Click fraud is a serious problem facing online advertising business. The malicious intent of clicking online ads either committed by humans or by non-humans, forced financial losses on advertisers utilizing pay-per-click advertising. Non-human traffic is usually designed to inflate web traffic for fraudulent purposes. In this paper, we demonstrate a hybrid approach consisting of two-level fingerprint applied in two phases to detect illegitimate non-human traffic. The first-level fingerprint is a pattern generated using immutable information about a user navigating a website’s pages. It will be used in the first traffic illegitimacy detection phase to infer rules about illegitimate non-human traffic from a developed ontology about web traffic legitimacy. The second-level fingerprint is generated using behavioral ad click patterns, which will be used in the second detection phase by applying a Machine-Learning (ML) algorithm. To test the proposed approach, a real commercial website for ads, called Waseet.com, was used. The access logs of the website server were utilized for the purpose of this research. The experiments show that our proposed hybrid approach using the ontology of web traffic illegitimacy and the ML k-NN classifier detects around (98.6%) of fake clicks.
... To defend against click fraud, both academia and industry have proposed a series of dynamic analysis based approaches to distinguish fraudulent clicks from the legitimate clicks. These approaches fall into the following two categories: user-side [8,9,19,20,28,41] and ad network-side approaches [11,14,32,47,49,50]. (1) The userside approaches rely on installing an additional patch or ad SDK on the user's device. The legitimacy of ad clicks is determined by checking whether the click pattern meets a certain rule. ...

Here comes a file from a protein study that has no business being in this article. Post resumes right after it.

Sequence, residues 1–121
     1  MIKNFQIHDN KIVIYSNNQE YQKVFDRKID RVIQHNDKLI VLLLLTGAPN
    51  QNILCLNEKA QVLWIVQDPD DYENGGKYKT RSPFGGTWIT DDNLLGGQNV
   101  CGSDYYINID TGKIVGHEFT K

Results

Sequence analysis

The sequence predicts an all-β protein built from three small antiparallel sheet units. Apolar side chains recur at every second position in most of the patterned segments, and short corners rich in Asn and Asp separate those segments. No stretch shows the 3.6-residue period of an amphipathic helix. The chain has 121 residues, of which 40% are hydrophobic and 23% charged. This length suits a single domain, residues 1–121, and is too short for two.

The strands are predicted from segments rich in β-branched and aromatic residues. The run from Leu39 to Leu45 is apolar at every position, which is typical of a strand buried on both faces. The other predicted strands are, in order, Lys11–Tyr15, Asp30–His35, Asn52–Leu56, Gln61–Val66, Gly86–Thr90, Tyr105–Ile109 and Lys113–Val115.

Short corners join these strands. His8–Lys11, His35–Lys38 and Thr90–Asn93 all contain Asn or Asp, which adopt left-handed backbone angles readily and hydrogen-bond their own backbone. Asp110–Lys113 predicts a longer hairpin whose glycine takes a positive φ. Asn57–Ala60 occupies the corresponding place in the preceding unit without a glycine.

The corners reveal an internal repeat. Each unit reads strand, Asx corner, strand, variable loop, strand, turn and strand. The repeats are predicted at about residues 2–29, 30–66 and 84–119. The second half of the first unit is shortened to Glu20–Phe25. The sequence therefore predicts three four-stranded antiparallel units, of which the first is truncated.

Although the use of pay-per-click mechanisms stimulates the prosperity of the mobile advertisement network, fraudulent ad clicks result in huge financial losses for advertisers. Extensive studies identify click fraud according to click/traffic patterns based on dynamic analysis. However, in this study, we identify a novel click fraud, named humanoid attack, which can circumvent existing detection schemes by generating fraudulent clicks with similar patterns to normal clicks. We implement the first tool ClickScanner to detect humanoid attacks on Android apps based on static analysis and variational AutoEncoder (VAE) with limited knowledge of fraudulent examples. We define novel features to characterize the patterns of humanoid attacks in the apps' bytecode level. ClickScanner builds a data dependency graph (DDG) based on static analysis to extract these key features and form a feature vector. We then propose a classification model only trained on benign datasets to overcome the limited knowledge of humanoid attacks. We leverage ClickScanner to conduct the first large-scale measurement on app markets (i.e.,120,000 apps from Google Play and Huawei AppGallery) and reveal several unprecedented phenomena. First, even for the top-rated 20,000 apps, ClickScanner still identifies 157 apps as fraudulent, which shows the prevalence of humanoid attacks. Second, it is observed that the ad SDK-based attack (i.e., the fraudulent codes are in the third-party ad SDKs) is now a dominant attack approach. Third, the manner of attack is notably different across apps of various categories and popularities. Finally, we notice there are several existing variants of the humanoid attack. Additionally, our measurements demonstrate the proposed ClickScanner is accurate and time-efficient (i.e., the detection overhead is only 15.35% of those of existing schemes).